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09/29/2016 10:56 am ET Updated Sep 30, 2017

Cathy O'Neil Answers Questions About Mathematics

These questions originally appeared on Quora - the knowledge sharing network where compelling questions are answered by people with unique insights.

Answers by Cathy O'Neil, mathematician and author of Weapons of Math Destruction, on Quora.

Q: How do algorithms and mathematical models threaten democracy?

A: In two ways. First of all, algorithms serve to pick winners and losers, and the losers are consistently poor people, people of color, and people with disabilities. That leads to increased inequality, which is itself a threat to democracy, because it's really difficult to be a civically engaged person when you don't have a good job.

Second, political micro-targeting is bad for democracy in general. It allows campaigns to target people unevenly and to distribute information very unevenly, in the sense that they profile all the voters and then decide to show each voter only what they want that person to see.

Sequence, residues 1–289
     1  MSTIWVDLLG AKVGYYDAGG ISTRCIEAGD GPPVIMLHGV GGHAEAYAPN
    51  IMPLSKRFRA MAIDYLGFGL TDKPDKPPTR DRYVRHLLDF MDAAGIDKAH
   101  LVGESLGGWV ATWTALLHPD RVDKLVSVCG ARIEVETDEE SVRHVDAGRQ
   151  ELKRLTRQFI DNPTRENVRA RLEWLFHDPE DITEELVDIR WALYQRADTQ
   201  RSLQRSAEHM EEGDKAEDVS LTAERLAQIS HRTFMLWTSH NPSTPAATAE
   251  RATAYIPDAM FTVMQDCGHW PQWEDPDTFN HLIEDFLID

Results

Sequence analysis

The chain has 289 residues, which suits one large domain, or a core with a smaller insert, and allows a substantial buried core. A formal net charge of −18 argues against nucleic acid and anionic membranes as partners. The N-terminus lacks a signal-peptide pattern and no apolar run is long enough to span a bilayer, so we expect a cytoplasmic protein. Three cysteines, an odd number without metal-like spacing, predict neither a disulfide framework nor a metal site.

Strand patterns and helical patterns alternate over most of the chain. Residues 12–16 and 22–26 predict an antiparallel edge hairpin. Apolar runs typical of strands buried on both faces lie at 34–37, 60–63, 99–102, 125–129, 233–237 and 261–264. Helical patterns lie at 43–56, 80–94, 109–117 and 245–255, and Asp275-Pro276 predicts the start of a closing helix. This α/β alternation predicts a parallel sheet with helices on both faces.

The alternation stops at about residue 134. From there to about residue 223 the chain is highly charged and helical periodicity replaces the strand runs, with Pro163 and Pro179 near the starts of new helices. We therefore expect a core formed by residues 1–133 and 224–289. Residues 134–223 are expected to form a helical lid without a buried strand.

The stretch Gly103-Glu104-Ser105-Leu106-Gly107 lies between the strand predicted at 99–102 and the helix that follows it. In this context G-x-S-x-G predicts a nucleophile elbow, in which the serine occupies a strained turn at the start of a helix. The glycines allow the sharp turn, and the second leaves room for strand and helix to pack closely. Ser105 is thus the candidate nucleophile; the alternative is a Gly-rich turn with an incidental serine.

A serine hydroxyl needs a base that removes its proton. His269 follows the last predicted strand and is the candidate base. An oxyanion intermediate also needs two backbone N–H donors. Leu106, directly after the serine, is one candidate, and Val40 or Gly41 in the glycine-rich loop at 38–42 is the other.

What's efficient for campaigns is inefficient for democracy. We'd benefit much more from transparency than cherry-picked messages from political campaigns designed to manipulate us.

Q: Are you frustrated by misleading headlines in the media?

A: Yup. Math is not racist. My most major complaint is that racist and corrupt practices are being shielded behind mathematics. People trust and are intimidated by mathematics, so it's an effective shield, but of course math is innocent.

Q: What is the history of Big Data technology?

A: I don't know the answer to that because I'm not a historian, but when I was researching my book I came across two topics that I found highly relevant to Big Data. You can go look them up yourself: 1. phrenology and 2. Fordism.

Also, there's the Myers-Briggs Type Indicator (MBTI) fad from the 1970s. This is all pseudoscience stuff posing as something scientifically objective, but was used to control powerless people.

These questions originally appeared on Quora. - the knowledge sharing network where compelling questions are answered by people with unique insights. You can follow Quora on Twitter, Facebook, and Google+.

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